Official Revenue Reports, Jan11 - Apr11
Official Revenue Report, Oct11

Official Revenue Report, Nov11
Official Revenue Report, Dec11
Official Revenue Report, Jan12
Official Revenue Report, Feb12
Official Revenue Report, Mar12
Official Revenue Report, Apr12
Official Revenue Report, May12
Official Revenue Report, Jun12
Official Revenue Report, Jul12
Official Revenue Report, Aug12
Official Revenue Report, Sep12
Official Revenue Report, Oct12
Official Revenue Report, Nov12
Official Revenue Report, Dec12
Official Revenue Report, Jan13
Official Revenue Report, Feb13
Official Revenue Report, Mar13
Official Revenue Report, Apr13
Official Revenue Report, May13
Official Revenue Report, Jun13
Official Revenue Report, Jul13
Official Revenue Report, Aug13
Official Revenue Report, Sep13
Official Revenue Report, Oct13
Official Revenue Report, Nov13
Official Revenue Report, Dec13
Official Revenue Report, Jan14
Official Revenue Report, Feb14
Official Revenue Report, Mar14
Official Revenue Report, Apr14
Official Revenue Report, May14
Official Revenue Report, Jun14
Official Revenue Report, Jul 14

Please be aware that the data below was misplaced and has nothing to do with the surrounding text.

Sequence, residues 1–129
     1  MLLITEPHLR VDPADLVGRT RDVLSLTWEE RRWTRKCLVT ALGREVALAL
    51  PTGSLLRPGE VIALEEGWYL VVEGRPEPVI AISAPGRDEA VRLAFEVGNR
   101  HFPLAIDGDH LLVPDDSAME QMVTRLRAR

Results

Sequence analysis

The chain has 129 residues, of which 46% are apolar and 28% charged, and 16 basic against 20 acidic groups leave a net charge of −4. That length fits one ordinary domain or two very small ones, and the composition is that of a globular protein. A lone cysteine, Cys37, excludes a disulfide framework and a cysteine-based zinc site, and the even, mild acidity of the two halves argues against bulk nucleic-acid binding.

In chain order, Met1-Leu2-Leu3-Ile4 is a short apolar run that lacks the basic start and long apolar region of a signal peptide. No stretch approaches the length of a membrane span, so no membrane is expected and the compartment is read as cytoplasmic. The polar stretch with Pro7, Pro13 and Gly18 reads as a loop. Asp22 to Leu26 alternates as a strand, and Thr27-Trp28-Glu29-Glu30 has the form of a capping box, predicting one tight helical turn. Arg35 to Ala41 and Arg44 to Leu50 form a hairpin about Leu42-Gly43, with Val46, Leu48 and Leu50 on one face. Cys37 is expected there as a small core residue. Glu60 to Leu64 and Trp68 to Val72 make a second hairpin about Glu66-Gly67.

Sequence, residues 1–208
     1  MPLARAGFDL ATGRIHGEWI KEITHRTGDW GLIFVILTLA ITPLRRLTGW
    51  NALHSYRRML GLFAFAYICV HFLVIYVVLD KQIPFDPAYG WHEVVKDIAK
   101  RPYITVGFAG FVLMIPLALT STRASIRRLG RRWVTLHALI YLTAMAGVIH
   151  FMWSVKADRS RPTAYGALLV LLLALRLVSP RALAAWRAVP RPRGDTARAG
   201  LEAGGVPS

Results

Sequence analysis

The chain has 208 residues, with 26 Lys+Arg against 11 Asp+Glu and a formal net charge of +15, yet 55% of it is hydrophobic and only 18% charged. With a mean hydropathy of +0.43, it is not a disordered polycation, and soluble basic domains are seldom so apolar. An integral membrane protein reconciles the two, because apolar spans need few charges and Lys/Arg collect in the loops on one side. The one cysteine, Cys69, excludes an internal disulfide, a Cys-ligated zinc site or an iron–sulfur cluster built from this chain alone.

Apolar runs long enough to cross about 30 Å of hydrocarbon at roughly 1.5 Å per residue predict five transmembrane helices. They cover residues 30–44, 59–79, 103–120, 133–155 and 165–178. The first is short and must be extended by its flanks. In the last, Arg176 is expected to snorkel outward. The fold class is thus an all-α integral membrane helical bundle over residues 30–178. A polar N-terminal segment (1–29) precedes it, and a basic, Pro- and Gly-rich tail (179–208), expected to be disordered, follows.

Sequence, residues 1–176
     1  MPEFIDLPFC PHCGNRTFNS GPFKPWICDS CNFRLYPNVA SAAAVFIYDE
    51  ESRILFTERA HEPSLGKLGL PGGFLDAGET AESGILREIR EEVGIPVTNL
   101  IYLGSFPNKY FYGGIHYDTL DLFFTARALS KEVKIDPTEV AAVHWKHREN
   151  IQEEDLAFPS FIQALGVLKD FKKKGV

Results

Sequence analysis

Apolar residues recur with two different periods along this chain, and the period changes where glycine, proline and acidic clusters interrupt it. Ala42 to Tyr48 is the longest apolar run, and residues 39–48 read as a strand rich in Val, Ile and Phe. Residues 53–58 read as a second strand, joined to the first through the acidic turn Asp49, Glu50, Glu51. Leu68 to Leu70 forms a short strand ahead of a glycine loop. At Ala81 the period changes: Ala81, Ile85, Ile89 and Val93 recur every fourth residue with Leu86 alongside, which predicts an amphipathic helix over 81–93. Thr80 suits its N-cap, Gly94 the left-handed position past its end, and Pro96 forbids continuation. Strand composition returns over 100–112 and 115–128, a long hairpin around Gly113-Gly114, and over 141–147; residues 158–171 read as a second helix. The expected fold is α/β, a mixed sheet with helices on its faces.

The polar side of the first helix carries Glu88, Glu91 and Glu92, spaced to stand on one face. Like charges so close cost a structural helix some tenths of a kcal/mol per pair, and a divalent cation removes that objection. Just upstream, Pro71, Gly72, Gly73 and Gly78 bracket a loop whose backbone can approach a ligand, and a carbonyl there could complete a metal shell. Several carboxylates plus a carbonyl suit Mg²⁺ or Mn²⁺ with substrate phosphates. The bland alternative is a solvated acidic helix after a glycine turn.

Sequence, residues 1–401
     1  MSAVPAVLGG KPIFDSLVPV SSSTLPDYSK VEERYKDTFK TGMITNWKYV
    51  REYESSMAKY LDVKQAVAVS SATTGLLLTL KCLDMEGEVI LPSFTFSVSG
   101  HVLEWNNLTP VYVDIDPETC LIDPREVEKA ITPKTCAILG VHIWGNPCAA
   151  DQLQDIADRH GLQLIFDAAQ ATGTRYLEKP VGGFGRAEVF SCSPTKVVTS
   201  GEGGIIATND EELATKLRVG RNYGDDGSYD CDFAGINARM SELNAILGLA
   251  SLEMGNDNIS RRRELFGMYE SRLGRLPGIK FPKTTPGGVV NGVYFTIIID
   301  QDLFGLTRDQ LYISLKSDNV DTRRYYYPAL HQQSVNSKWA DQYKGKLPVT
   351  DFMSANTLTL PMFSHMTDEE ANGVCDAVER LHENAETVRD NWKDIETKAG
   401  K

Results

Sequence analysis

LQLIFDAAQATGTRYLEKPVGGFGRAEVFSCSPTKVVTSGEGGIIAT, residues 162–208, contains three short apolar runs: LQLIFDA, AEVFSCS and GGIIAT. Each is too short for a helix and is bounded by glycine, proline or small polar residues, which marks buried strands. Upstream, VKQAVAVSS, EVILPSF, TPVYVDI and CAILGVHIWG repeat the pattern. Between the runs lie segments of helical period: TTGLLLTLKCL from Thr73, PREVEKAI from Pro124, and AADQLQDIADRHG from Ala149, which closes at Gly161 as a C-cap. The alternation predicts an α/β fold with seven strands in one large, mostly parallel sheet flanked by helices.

Official Revenue Report, Aug14
Official Revenue Report, Sep14
Official Revenue Report, Oct14
Official Revenue Report, Nov14
Official Revenue Report, Dec14
Official Revenue Report, Jan15
Official Revenue Report, Feb15
Official Revenue Report, Mar15
Official Revenue Report, Apr15
Official Revenue Report, May15
Official Revenue Report, Jun15
Official Revenue Report, Jul15
Official Revenue Report, Aug15
Official Revenue Report, Sep15
Official Revenue Report, Oct15
Official Revenue Report, Nov15
Official Revenue Report, Dec15
Between Jan16 and Jun16, these reports were not available.
Official Revenue Report, Jul16
Official Revenue Report, Aug16
Official Revenue Report, Sep16
Official Revenue Report, Oct16
Official Revenue Report, Nov16
Official Revenue Report, Dec16
Official Revenue Report, Jan17
Official Revenue Report, Feb17
Official Revenue Report, Mar17
Official Revenue Report, Apr17
Official Revenue Report, May17
Official Revenue Report, Jun17
Official Revenue Report, Jul17
Official Revenue Report, Aug17
Official Revenue Report, Sep17
Official Revenue Report, Oct17
Official Revenue Report, Nov17
Official Revenue Report, Dec17